Elizabeth Chase Allen

American author, journalist, poet (1832-1911)

Elizabeth Chase Allen (October 9, 1832, Strong, MaineAugust 7, 1911, Tuckahoe, New York) was an American author, journalist and poet.



Poems (1866)

Poems by Elizabeth Akers (Florence Percy). Boston: Ticknor and Fields, 1866.
  • Behold, we live through all things,—famine, thirst,
    Bereavement, pain; all grief and misery,
    All woe and sorrow; life inflicts its worst
    On soul and body,—but we can not die.
    Though we be sick, and tired, and faint, and worn,—
    Lo, all things can be borne!
    • "Endurance", stanza 5, p. 44.
  • I count no more my wasted tears;
    They left no echo of their fall;
    I mourn no more my lonesome years;
    This blessed hour atones for all.
    • "At Last", stanza 3, pp. 87–88.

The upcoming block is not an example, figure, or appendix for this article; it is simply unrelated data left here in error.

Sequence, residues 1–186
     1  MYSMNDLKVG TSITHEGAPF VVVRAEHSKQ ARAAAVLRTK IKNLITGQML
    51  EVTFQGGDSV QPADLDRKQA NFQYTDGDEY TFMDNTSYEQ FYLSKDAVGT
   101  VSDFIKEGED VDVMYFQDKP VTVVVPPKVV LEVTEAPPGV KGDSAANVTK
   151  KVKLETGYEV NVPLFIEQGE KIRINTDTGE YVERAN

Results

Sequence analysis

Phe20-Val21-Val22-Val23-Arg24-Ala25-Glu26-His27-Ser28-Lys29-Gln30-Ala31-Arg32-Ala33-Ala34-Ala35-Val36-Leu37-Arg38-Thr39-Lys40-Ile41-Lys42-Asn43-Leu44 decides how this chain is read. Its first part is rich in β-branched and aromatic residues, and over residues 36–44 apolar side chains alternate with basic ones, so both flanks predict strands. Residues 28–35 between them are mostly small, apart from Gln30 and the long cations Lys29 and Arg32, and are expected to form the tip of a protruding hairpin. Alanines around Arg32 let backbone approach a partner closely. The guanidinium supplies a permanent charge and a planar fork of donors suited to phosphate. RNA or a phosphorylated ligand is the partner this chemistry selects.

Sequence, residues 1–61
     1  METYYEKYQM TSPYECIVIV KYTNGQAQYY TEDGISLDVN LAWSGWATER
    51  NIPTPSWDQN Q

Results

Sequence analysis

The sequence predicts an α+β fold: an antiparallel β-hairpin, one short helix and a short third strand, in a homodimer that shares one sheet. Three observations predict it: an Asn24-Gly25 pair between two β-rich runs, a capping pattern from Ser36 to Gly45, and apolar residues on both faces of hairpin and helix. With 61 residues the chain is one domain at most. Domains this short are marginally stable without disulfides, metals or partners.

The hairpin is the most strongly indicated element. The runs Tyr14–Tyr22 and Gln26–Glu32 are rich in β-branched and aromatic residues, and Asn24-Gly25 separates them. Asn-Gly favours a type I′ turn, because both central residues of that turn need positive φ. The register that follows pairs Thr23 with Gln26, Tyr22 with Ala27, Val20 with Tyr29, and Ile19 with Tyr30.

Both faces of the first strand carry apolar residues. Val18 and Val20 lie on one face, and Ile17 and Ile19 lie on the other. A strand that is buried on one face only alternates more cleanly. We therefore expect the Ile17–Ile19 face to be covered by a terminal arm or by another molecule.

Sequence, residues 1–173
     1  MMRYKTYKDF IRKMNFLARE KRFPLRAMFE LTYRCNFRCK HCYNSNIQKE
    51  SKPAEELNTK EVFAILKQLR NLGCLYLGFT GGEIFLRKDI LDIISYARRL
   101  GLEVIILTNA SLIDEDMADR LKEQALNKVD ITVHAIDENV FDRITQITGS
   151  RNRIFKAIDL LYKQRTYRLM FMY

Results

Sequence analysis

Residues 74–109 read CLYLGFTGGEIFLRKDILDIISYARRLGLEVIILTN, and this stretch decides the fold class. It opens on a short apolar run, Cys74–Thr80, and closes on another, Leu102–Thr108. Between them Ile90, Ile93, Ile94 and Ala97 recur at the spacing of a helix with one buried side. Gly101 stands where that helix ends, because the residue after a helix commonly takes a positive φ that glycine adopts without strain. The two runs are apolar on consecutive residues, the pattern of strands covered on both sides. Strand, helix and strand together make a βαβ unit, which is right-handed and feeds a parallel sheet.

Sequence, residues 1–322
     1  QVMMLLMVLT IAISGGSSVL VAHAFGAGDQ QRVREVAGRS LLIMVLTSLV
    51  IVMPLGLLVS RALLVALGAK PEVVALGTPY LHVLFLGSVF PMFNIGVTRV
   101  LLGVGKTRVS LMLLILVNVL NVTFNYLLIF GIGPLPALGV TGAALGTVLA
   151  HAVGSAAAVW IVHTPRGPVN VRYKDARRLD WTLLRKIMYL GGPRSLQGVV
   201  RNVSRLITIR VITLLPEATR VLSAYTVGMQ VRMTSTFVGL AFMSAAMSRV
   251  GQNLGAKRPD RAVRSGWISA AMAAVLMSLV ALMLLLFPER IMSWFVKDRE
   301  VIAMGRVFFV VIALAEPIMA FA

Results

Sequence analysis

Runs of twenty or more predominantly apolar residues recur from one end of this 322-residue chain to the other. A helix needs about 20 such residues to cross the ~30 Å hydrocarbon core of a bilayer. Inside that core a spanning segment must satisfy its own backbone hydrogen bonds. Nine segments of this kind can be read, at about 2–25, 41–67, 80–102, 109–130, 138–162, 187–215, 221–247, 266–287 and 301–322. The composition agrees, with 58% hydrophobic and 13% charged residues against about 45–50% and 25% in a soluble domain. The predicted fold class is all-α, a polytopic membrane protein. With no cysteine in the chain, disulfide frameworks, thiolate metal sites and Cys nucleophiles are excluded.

• Backward, turn backward, O Time, in your flight,
    Make me a child again, just for to-night!
    • "Rock Me to Sleep", stanza 1, p. 190.
  • Backward, flow backward, O tide of the years!
    I am so weary of toil and of tears,—
    Toil without recompense, tears all in vain,—
    Take them and give me my childhood again!
    • "Rock Me to Sleep", stanza 2, p. 190.
  • O flowers! the soul that faints or grieves
    New comfort from your lips receives;
    Sweet confidence and patient faith are hidden in your leaves.
    • "Spring in the Capital", stanza 11, p. 196.
  • Dawn of a brighter, whiter day
    Than ever blessed us with its ray,—
    A dawn beneath whose purer light all guilt and wrong shall fade away.
    • "Spring at the Capital", stanza 13, p. 196.
  • Up the sky in silence holy
    Comes the young moon slowly, slowly,
    Softly with her light divine,
    Filling, like a cup with wine.
    • "Karl", stanza 1, p. 207.
  • The wind is full of memories;
    It whispers low and clear
    The sacred echoes of the past,
    And brings the dead more near.
    • "April", stanza 3, p. 219.
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